The Healing Power of Tea
Why You Should Drink Tea
It may protect against heart disease. One U.S. study found that a low-fat diet plus five cups of tea per day lowered LDL ("bad") cholesterol 11 percent in three weeks. And Dutch researchers found that drinking more than four cups of black tea per day lowered the risk of atherosclerosis (arterial plaque buildup that can lead to heart disease) by more than 60 percent. Even one to two cups a day lowered the risk by 46 percent.
It may prevent cancer. Tea may lower the risk of cancers of the colon, rectum, urinary tract, stomach, pancreas, mouth and, perhaps, ovaries; in smokers it might reduce lung-cancer risk, too. And if you spend a lot of time in the sunlight, drinking strong, hot black tea may protect you from squamous-cell skin cancer, according to a University of Arizona study.
It boosts immunity. Drinking at least five cups of black tea a day for two to three weeks increased production of a key immune protein, interferon, in a Harvard study. The reason? L-theanine, an amino acid found in tea (and hardly anywhere else), can build the body's defenses against viruses and bacteria.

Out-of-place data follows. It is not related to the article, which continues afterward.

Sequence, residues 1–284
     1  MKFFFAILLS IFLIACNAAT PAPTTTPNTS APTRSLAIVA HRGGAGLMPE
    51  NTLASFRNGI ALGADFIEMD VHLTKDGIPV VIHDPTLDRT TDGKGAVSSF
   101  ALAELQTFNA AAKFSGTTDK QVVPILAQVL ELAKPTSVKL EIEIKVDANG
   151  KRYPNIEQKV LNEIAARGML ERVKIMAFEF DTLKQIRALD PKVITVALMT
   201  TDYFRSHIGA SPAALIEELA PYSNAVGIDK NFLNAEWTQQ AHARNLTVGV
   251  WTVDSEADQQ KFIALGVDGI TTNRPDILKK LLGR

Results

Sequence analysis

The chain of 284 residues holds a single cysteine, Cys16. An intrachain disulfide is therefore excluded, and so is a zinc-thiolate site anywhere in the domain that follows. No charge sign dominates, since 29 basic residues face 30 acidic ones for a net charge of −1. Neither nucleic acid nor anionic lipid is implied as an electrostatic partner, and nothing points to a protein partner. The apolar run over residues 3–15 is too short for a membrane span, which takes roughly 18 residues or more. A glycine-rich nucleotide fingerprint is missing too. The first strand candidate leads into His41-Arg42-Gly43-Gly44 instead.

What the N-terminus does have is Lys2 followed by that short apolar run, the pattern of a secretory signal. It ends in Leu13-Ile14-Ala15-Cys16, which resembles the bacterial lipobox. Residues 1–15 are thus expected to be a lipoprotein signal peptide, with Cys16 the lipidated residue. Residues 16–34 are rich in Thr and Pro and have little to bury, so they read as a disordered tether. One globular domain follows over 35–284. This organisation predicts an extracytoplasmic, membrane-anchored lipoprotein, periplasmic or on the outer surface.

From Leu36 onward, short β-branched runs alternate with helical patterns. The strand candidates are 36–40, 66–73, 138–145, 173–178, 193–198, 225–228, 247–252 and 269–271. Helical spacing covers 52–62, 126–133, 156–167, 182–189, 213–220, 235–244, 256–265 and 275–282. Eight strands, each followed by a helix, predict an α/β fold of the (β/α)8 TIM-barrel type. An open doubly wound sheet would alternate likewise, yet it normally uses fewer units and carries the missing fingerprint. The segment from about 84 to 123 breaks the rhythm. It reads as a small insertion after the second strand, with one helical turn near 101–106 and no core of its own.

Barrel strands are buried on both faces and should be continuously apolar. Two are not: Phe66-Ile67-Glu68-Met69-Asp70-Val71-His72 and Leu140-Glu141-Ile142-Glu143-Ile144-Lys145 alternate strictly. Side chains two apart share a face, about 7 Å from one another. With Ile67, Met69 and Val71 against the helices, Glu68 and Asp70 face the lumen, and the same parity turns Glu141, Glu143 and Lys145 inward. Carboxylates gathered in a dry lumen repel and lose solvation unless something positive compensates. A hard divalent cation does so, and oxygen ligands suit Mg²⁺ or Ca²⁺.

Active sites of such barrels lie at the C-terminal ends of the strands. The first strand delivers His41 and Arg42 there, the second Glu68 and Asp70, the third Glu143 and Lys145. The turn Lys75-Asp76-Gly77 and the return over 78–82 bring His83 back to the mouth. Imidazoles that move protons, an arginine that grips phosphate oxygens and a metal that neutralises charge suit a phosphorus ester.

It may sharpen your brain. Tea seems both to boost your powers of concentration and relax you. Again, L-theanine is key: When people in a City College of the City University of New York study drank four or five cups of tea, effects showed up in 20 minutes and lasted three to four hours. Compare that with coffee, which gives you a quick jolt and heightens concentration but doesn't relax you, says study author John Foxe, PhD.
It can strengthen bones. Drinking tea may slow the bone loss that can lead to osteoporosis. Australian researchers found that over four years, older women tea drinkers lost an average of 1.6 percent of their bone density; non-tea drinkers lost 4 percent.
It may stave off Alzheimer's and Parkinson's. In the lab, an antioxidant in green tea called EGCG helped protect brain cells from these two diseases. And when Israeli researchers gave mice EGCG equivalent to a human drinking at least two daily cups of green tea, it seemed to keep brain cells from dying. It also cut compounds that lead to brain damage in animals. These effects need to be shown in humans, but for now, drinking green tea won't hurt.
It can prevent cavities. Tea contains fluoride, which may explain why it seems to be good for teeth. In test tubes, tea extract inhibits cavity-causing bacteria. And in England, 14-year-olds who drank tea (with or without sugar) had fewer cavities than teens drinking sodas and other sweet drinks. Healthier isn't whiter, of course: Like coffee, tea can stain teeth, so brush frequently and have teeth professionally cleaned.
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